Free-range hens give food and friendship
Carol Bartram does little coaxing to get "the girls" to come running.

"Wonder where my girls are?" she says, looking around the back yard of her home in York County.

"Come on girls."

When the hens — Chicory, Poppy, Phoebe, Phiona, Rose and Rue — hear Carol's soft, beckoning voice, they also realize she's holding a small butter tub, hopefully filled with something good for them.

Suddenly, six sets of chicken feet scurry, their bodies in a slight waddle as they race to see what Carol has in store for them.

Carol removes the tub's lid and there are the treats — black soldier fly larvae — that husband Scott and she cultivate just for the hens in a special composter.

Rose and Rue, 3-month-old Golden Comets named for the "Golden Girls" TV series, reach Carol first.

"It was going to be Rose and Blanche, but Blanche sounded too much like a cooking term, so we went with the actress' name instead," says Carol, stroking the hens like you would any pet.

"They're really friendly. They lived with a family with kids for the first two weeks, and we've been handling them a lot.

"Now, they are learning their place in the pecking order. They are the new girls so the other girls chase them away from food."

Carol, 47, and Scott, 49, became interested in raising chickens after reading the article "City Chicks" in Natural Home and Garden magazine in 2006. Both are avid outdoors people — gardening, sailing, running, beekeeping and biking — so the chickens fit right into their lifestyle, especially their naturalistic-planted yard. She's a former occupational therapist with public schools, as well as a master gardener in York County; he's an engineering technician at NASA Langley Research Center.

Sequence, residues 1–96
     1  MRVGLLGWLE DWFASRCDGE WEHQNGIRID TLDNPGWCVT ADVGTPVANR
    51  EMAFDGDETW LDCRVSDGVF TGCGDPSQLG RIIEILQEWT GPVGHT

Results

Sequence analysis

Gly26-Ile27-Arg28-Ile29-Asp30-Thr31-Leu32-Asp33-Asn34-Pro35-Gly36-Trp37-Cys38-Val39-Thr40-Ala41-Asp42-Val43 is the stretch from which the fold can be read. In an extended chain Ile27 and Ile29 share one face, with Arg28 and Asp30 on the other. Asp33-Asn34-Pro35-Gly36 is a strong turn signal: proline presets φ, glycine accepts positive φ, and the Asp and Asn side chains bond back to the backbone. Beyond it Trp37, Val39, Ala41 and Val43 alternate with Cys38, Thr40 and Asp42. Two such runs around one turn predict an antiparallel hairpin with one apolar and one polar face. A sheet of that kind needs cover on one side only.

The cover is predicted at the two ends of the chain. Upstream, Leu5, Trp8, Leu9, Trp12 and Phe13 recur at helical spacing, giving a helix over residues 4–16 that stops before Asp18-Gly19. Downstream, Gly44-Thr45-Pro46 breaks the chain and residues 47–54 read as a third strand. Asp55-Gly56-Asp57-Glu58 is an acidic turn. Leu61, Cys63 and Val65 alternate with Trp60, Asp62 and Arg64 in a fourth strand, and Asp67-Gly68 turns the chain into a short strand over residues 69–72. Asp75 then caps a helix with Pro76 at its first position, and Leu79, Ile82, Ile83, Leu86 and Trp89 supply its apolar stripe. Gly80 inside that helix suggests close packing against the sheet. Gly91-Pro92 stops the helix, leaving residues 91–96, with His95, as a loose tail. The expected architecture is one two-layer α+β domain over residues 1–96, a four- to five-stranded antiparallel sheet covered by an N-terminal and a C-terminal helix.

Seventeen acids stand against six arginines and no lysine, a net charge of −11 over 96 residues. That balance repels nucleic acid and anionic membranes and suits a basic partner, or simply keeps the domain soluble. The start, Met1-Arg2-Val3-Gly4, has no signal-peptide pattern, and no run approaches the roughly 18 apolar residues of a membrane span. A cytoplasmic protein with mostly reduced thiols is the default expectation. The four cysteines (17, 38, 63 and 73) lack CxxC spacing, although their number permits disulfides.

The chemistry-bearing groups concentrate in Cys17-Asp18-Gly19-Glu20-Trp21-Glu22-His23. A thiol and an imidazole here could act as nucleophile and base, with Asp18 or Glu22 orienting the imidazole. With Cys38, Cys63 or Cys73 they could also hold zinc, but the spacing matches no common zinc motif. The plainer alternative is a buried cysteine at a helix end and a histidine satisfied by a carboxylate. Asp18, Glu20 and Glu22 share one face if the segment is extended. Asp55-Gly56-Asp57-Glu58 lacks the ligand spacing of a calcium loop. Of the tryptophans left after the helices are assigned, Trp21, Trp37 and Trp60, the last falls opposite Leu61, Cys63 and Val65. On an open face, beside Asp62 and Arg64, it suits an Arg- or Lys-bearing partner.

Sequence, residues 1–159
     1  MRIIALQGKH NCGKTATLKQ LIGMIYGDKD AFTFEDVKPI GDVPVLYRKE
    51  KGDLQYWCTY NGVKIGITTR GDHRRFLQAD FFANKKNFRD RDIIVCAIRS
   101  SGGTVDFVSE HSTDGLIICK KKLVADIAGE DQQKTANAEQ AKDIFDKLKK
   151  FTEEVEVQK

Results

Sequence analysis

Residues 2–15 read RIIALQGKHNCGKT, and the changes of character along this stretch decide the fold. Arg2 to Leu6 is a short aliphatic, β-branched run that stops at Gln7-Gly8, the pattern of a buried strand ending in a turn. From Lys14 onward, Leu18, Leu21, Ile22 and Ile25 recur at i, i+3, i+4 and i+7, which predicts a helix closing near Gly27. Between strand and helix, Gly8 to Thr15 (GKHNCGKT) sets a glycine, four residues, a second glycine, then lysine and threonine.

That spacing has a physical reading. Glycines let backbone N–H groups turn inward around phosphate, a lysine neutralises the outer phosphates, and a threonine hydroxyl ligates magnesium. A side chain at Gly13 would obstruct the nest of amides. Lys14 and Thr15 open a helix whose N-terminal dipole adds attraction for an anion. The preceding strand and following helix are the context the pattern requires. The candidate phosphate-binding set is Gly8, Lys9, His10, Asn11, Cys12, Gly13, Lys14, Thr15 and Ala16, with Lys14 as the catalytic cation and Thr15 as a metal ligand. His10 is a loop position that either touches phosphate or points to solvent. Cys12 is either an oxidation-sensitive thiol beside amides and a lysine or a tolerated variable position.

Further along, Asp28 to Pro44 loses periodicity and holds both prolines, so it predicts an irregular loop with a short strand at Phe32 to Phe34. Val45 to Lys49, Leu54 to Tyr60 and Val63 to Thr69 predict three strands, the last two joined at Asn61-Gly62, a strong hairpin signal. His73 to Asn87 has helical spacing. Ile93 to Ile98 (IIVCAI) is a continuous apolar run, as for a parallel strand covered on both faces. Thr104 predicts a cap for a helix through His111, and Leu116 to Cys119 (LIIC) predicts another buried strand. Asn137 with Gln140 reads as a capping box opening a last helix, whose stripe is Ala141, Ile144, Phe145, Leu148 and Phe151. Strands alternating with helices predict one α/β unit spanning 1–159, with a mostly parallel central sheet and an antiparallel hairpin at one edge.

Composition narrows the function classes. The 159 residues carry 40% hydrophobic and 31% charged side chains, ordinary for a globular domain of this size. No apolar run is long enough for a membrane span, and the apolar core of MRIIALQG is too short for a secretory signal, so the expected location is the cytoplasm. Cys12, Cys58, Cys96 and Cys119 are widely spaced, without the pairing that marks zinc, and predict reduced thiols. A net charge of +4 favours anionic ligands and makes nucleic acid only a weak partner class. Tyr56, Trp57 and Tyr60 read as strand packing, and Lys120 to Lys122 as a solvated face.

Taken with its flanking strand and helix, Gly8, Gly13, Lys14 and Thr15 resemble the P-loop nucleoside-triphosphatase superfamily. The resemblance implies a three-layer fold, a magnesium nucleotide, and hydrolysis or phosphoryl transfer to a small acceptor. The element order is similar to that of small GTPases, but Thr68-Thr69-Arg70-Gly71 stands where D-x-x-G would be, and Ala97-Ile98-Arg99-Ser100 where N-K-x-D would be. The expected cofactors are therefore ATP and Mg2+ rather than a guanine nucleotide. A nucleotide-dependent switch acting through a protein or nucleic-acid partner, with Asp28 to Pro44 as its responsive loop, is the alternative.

"We are interested in trying to buy more of our food locally, growing our own food, and humane treatment of animals, so keeping chickens seemed to fit in well," she says.

The Bartrams started with four day-old chicks through a mail-order hatchery; the minimum order was 25 so they shared the purchase with other hen enthusiasts. Their original four included two Barred Plymouth Rocks called Violet and Chicory, a Buff Orpington named Poppy and a Rhode Island Red named Iris.

"We chose these breeds because they were reported to be good layers with friendly personalities," says Carol.

Sadly, Violet died last fall for unknown reasons; Iris died this past spring from an ovarian tumor.

Chicory is having her own health problems, laying eggs internally and unable to absorb egg yolk, which is causing her some discomfort. During hot weather, Chicory sleeps indoors in a cat carrier in air-conditioning — and loving it.

"She seems to like it because it only took her a couple of days before she started waiting at the back door at chicken bedtime instead of going to the hen house," says Carol.

"I've been using my occupational therapy skills to accommodate her mobility problems."

The Bartrams' girls also live in a fashionable chicken coop, which looks more like an oversized dollhouse with a Scott-engineered bamboo roof. When dusk arrives, the chickens automatically line up to go in and roost, and the Bartrams lock it up tight so no predators can bother them.